• According to the embodiment of the invention shown in FIG. 2, the Node-B 12 a, and in particular its radio resource management functionality, includes a packet scheduler 21 for scheduling the transmission of packets destined for the UE's in its zone of coverage. The packet scheduler includes a metric calculator and scheduler 21 a, which calculates a value for a metric for each UE, and then makes the packet scheduling decisions using the metrics (i.e. selecting the UE having the largest metric as the UE to be served first, or else at least to be served preferentially, and so on). To calculate a value for the metric for each UE, the metric calculator uses an estimate of the average throughput for the user (for the subject time interval) and the instantaneous supported rate for the UE (for the time interval), provided by an average throughput estimator module 21 b (only the average throughput is estimated, based at least in part on the instantaneous rate, which is an input to the average throughput estimator module 21 b). The average throughput for a UE is an average only over the time when data for the UE is actually buffered in the Node-B for delivery to the UE.
  • The packet scheduler 21 provides the scheduling decisions to an activity detector 22. The activity detector includes a scheduled throughput estimator 22 a, which estimates what is called here the scheduled throughput for each user, i.e. the throughput when the user is actually scheduled (i.e. when packets for are scheduled for delivery to the user).
  • The scheduled throughputs (one for each user) are used by an activity ratio estimator 22 b, another component of the activity detector 22, along with the QoS/QoE (Quality of Service/Quality of Experience) requirements for each user, to predict (what should be) the activity ratio for the user, i.e. e.g. the number of frames scheduled for the user compared to the number of frames in total during the session time for the user in order for the user to receive the QoS appropriate for the user (i.e. an adequate QoS, such as a subscribed-to QoS), although any measure of the time of activity for the user compared to the total time during which the Node-B is communicating packets to the UE could be used as an activity ratio. (A UE may request or subscribe to a high QoS, or may not request any particular QoS, in which case the UE is given the best possible QoS taking all requested or subscribed QoS's into account.)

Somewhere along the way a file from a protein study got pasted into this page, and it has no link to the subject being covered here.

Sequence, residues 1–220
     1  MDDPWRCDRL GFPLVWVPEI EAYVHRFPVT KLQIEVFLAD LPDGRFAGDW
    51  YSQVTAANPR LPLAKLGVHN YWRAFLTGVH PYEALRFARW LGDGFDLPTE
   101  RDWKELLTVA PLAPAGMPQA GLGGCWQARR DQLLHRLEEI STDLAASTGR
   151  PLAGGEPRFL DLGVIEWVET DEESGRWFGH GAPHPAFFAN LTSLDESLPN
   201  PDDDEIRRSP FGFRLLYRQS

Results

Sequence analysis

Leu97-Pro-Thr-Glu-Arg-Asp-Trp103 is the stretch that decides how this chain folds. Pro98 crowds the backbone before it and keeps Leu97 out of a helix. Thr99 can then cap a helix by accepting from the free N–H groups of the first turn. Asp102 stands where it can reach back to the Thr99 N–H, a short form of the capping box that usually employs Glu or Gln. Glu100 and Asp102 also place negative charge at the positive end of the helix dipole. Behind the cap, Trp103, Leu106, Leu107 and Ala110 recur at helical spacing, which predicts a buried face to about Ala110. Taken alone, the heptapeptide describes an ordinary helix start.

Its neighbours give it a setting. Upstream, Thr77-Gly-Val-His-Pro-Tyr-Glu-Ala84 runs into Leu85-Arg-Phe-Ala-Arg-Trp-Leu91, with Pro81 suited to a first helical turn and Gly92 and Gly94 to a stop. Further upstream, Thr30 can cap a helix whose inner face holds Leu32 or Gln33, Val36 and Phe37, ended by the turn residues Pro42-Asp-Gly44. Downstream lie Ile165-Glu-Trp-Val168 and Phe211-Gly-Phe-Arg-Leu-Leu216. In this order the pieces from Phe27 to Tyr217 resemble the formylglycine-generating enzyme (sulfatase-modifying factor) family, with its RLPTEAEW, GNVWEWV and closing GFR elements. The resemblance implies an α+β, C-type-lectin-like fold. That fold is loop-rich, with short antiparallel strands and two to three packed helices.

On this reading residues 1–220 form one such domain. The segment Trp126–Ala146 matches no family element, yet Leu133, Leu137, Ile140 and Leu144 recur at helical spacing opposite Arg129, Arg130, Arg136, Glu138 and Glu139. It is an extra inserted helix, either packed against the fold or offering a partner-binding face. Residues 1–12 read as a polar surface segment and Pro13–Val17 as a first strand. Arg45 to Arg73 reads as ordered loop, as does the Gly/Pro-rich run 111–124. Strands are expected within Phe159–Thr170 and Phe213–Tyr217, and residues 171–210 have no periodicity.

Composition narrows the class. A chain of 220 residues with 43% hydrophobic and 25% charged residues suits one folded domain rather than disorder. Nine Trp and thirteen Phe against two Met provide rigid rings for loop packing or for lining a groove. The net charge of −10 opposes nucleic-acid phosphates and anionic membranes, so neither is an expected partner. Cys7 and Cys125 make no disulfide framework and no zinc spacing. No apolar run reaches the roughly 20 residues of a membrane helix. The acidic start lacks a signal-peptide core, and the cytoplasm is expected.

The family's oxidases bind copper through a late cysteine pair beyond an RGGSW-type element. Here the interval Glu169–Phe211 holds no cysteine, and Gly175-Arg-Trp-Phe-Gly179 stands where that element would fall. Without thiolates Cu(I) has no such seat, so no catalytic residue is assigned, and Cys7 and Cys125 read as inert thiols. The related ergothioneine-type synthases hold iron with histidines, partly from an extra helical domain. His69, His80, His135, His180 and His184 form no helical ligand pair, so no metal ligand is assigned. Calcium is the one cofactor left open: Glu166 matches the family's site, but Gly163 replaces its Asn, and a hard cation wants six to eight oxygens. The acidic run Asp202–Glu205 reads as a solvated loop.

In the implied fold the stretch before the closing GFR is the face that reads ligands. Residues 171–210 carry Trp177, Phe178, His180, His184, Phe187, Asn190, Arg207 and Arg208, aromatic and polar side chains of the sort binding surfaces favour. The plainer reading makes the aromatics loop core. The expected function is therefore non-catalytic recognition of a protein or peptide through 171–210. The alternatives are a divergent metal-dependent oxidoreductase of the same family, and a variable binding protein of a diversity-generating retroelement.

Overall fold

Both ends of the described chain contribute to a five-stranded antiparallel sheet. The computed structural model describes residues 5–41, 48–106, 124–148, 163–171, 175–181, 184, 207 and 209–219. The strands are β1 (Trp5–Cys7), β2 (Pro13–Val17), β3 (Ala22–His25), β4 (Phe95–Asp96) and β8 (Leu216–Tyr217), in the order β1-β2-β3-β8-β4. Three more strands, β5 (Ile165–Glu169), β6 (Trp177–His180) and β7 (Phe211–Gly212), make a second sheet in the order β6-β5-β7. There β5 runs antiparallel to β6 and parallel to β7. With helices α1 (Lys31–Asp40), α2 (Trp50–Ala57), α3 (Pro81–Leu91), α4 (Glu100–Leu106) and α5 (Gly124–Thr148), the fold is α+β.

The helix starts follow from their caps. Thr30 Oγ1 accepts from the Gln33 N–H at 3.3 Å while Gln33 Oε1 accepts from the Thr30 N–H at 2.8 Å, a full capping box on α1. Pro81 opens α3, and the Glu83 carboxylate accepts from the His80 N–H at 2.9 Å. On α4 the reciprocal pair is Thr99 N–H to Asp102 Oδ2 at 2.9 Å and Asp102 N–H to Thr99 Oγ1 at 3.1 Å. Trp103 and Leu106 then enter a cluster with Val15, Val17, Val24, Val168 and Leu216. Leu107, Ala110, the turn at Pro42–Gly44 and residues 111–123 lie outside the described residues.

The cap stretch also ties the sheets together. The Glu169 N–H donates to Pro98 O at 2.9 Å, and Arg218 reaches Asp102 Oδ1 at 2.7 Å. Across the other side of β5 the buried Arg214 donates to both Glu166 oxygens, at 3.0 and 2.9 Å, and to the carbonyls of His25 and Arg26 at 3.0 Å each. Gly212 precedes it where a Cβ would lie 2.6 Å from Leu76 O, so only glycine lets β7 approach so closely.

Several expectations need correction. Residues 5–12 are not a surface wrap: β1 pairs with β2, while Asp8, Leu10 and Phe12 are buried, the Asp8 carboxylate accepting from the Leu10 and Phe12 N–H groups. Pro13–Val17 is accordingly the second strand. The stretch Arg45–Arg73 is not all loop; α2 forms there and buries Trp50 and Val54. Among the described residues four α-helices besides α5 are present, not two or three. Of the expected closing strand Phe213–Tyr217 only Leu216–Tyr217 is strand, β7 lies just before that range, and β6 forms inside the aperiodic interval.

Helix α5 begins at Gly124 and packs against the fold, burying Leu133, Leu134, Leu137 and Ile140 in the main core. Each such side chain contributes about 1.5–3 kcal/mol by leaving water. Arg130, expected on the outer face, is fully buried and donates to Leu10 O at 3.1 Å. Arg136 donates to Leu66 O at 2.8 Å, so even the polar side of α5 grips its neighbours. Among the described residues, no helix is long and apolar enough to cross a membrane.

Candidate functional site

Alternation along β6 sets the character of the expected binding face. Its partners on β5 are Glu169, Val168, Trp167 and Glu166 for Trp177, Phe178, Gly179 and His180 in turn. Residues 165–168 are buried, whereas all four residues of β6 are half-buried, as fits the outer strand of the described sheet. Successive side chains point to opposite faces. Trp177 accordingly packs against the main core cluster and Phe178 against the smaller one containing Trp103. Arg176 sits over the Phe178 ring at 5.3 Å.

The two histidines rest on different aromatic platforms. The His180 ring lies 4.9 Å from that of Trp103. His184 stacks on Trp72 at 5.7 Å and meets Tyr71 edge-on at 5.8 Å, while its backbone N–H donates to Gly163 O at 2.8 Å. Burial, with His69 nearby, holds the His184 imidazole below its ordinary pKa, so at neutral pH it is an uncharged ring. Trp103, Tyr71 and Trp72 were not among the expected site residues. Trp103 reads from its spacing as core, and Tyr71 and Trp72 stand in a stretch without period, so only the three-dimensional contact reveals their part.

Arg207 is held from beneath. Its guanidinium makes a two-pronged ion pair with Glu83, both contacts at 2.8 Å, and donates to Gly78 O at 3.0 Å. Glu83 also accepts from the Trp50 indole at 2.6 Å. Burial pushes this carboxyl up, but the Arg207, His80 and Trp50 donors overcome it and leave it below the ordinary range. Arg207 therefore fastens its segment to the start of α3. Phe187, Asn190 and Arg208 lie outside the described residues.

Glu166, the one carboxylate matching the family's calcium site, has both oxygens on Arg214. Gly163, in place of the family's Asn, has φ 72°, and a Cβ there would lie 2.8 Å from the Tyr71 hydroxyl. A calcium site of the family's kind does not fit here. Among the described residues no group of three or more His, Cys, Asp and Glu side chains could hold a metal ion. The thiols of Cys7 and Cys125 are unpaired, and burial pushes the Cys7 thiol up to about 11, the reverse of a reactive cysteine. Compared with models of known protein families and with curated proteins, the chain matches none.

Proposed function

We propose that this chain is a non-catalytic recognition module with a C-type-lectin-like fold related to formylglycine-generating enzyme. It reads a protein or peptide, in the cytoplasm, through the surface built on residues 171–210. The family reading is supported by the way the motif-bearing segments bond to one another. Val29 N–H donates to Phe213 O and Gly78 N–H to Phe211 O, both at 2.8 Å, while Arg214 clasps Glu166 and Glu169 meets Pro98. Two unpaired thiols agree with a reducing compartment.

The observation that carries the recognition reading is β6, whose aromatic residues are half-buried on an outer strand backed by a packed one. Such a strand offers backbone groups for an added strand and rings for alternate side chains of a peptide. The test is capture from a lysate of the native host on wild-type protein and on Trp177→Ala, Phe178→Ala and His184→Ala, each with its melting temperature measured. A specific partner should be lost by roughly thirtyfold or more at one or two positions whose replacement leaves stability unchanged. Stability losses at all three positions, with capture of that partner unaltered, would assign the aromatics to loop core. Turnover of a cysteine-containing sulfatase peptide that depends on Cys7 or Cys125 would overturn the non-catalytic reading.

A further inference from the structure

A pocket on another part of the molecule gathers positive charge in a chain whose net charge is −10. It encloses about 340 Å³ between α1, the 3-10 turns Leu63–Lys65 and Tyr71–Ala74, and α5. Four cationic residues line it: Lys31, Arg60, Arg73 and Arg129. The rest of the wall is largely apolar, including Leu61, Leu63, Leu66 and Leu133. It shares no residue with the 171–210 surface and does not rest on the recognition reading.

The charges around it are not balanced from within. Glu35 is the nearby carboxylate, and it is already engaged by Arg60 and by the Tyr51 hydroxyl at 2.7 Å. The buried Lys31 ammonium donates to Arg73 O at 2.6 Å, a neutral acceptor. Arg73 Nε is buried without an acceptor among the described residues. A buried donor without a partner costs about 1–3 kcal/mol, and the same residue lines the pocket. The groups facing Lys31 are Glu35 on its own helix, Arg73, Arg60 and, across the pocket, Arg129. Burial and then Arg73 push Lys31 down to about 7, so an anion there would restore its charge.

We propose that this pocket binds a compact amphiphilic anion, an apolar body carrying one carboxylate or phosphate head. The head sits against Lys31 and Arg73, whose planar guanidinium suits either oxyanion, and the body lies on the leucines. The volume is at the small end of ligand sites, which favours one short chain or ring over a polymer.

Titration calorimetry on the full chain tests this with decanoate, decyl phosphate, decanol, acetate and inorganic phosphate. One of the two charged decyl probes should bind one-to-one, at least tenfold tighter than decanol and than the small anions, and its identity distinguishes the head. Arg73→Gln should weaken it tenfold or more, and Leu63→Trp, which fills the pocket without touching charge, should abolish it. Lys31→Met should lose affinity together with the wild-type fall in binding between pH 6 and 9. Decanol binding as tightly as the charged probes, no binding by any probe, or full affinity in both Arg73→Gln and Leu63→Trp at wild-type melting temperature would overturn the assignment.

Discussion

• The activity ratios are provided by the activity ratio estimator 22 b both to the packet scheduler 21 as noted above, and also to a load and admission control module 23, for use in providing QoS-aware load and admission control. The load and admission control module 23, using the activity ratios required for each user to received adequate QoS, then allocates more or less scheduling resources to each user, stops or allows admission of new users, and/or start to remove user from the queue (in the Node-B) of UE's having packets waiting to be scheduled (for transmission to the respective users).
  • In an illustrative embodiment of the invention, the packet scheduler 21 is a modified proportional fair packet scheduler (modified per the invention), and the activity detector 22 is implemented as a recursive filter with a fast adaptation interval. Hence, when priorities shift between users, or when users come into the system with different radio channel behavior—e.g. significant velocity leading to highly variable fading, multi-path delay, etc.—the system quickly reassesses the impact of the changed user requirements and channel conditions on the required activity for each user.
  • As mentioned, the packet scheduler uses a metric to arrive at scheduling decisions. There is a metric value for each user, for each time interval during which packets are to be transmitted to the UE's. In a conventional proportional fair packet scheduling algorithm, the metric for user k in time interval n (e.g. a transmission time interval), is M k [ n ] = r k [ n ] T k [ n ] ( 1 )
    where rk[n] is the instantaneous supported rate for user k in time interval n, and Tk[n] is the average delivered throughput (for user k in time interval n), calculated (recursively) using: T k [ n ] = ( 1 - { B k [ n ] > 0 } · 1 N k ) T k [ n - 1 ] + λ k [ n ] N k r k [ n ] , ( 2 )